Heads Up: Chicago Gourmet
If the Taste of Chicago is not your style, perhaps the highbrow Chicago Gourmet is more up your alley. For the third year, Chicago will play host to chefs and sommeliers from around the world, and this year's event will be bigger than ever. More than 100 chefs will offer cooking demos, book-signings, seminars and tastings.
Last year's event had 8,000 attendees, and Illinois Restaurant Association President Sheila O'Grady announced this morning that she hopes this year's celebration draws an even larger crowd.
The food and wine extravaganza takes place in Millennium Park on Saturday and Sunday,
September 25 & 26. A one-day pass costs $150 while admission for both days is $250. New this year are the Bon Appetit Marketplace Tent, where guests can mingle with magazine editors, and the Foodspring.com Specialty Food Pavilion, a new Fancy Food Show consumer retail event.
In addition to general admission, for an extra $175, oenophiles can taste the finest wines in the world, hand-selected by master sommeliers, at the Grand Cru Tastings. Attendance at the Grand Cru is limited to 200 people per day. Tickets are already available, so oenophiles may want to get on that.
The party kicks off Friday evening with a burger-cooking contest featuring more than a dozen chefs at Harris Theatre's Rooftop Terrace. Tickets for this event are $75.
If $150 for one day's admission seems a bit steep, there is still hope: Dine Around. Dine at five different participating restaurants (50+ are expected to participate) between August 30 and September 26 and bring your receipts along with your "passport" to the registration table at Chicago Gourmet for a free one-day pass. Think of it as a restaurant stimulus package.
O'Grady said Chicago Gourmet is a "tremendous value," particularly compared to similar events across the country.
Mayor Daley was very supportive of Chicago Gourmet and the city's chefs, although he and O'Grady made it clear that the event is privately funded by the Illinois Restaurant Association and the Anton Family Foundation.
Bon Appetit's editor-in-chief, Barbara Fairchild, attended this morning's press conference, and said she was thrilled for the magazine to be the title sponsor for this year's event. She also noted that her love of Chicago dining was sparked by Abby Mandel, a former columnist for the magazine and founder of Green City Market.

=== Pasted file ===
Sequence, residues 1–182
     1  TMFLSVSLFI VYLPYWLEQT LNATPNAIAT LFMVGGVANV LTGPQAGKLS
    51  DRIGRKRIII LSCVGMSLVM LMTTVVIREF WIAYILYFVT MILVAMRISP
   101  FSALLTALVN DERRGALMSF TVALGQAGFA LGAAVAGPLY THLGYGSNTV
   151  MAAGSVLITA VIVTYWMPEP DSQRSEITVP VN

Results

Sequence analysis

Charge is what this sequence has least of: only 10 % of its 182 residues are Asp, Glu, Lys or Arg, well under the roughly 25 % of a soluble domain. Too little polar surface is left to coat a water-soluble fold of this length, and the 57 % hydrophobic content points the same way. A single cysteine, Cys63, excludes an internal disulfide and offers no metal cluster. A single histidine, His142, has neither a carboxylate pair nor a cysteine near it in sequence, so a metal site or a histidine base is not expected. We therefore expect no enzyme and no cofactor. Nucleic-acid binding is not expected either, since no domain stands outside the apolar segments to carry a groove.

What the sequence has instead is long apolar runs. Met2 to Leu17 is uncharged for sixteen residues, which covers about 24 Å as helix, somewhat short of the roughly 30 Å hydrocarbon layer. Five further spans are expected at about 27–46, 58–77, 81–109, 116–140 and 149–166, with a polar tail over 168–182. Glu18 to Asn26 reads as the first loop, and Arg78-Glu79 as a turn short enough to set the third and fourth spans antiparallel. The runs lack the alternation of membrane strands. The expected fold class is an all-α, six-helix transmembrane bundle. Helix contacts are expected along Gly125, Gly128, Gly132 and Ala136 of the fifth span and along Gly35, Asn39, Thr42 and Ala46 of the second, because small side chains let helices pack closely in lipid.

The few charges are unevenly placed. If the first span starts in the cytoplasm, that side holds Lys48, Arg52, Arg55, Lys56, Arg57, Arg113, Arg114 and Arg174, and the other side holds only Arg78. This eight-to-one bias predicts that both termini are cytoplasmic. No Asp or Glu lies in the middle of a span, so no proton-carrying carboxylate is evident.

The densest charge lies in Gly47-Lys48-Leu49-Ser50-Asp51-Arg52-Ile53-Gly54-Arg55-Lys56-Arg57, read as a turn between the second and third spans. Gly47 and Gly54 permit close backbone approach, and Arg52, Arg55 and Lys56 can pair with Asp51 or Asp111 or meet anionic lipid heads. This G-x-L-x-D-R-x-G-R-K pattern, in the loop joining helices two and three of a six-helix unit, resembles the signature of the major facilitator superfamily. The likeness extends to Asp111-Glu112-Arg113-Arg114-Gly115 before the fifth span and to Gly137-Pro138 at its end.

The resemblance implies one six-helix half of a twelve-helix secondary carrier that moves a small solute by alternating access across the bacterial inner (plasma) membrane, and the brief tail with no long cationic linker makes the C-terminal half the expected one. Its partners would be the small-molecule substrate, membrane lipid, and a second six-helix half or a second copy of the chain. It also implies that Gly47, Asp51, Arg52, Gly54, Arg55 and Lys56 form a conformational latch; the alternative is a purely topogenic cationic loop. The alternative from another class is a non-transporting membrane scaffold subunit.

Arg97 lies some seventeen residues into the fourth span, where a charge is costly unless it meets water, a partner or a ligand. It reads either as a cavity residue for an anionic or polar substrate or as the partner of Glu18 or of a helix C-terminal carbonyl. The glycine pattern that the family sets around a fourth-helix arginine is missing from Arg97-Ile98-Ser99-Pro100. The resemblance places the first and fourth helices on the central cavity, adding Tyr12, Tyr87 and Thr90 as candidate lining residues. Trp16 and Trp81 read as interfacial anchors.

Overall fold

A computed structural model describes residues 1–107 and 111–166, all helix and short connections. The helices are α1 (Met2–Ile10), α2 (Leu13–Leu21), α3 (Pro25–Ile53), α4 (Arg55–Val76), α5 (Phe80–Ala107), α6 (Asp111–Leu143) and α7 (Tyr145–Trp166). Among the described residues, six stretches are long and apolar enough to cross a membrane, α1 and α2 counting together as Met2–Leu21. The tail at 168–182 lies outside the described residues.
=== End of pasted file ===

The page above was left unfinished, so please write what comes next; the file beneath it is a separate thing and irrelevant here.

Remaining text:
Not only does Chicago Gourmet enhance Chicago's dining scene reputation, but it also supports the hospitality industry, according to Mayor Daley, who described the food-service sector this morning as "very important to our economy" and "vitally important to our future."
"These [chefs] are our ambassadors around the world," Daley said. "They represent the creative class of our society."
Approximately 50 chefs gathered at the press conference today to celebrate the upcoming event.
Epic's Stephen Wambach is excited to appear at the event for the first time. "It's a big deal for me to be invited," Wambach said with a smile.
Chef Dirk Flanigan from The Gage has participated in Chicago Gourmet since its inception.
"Each year it's been getting better and better," he said, referring to the organization and quality of food at the event.
This year, Flanigan plans to host another cooking demo with Piccolo Sogno's Tony Priolo. The two have been friends for more than 20 years. According to Flanigan, they are toying with the theme of "same ingredients, different kitchens."
To close the press conference, everyone toasted with Santa Margherita Prosecco, provided by Terlato Wines International. Sunda, Sixteen, RL and The Gage provided yummy bites to eat. (The Gage's generously portioned sandwich with housemade duck sausage was a highlight.)
For more information and tickets to all events, visit ChicagoGourmet.org. This year, some of the proceeds from the event will be used to fund scholarships for students going to culinary school.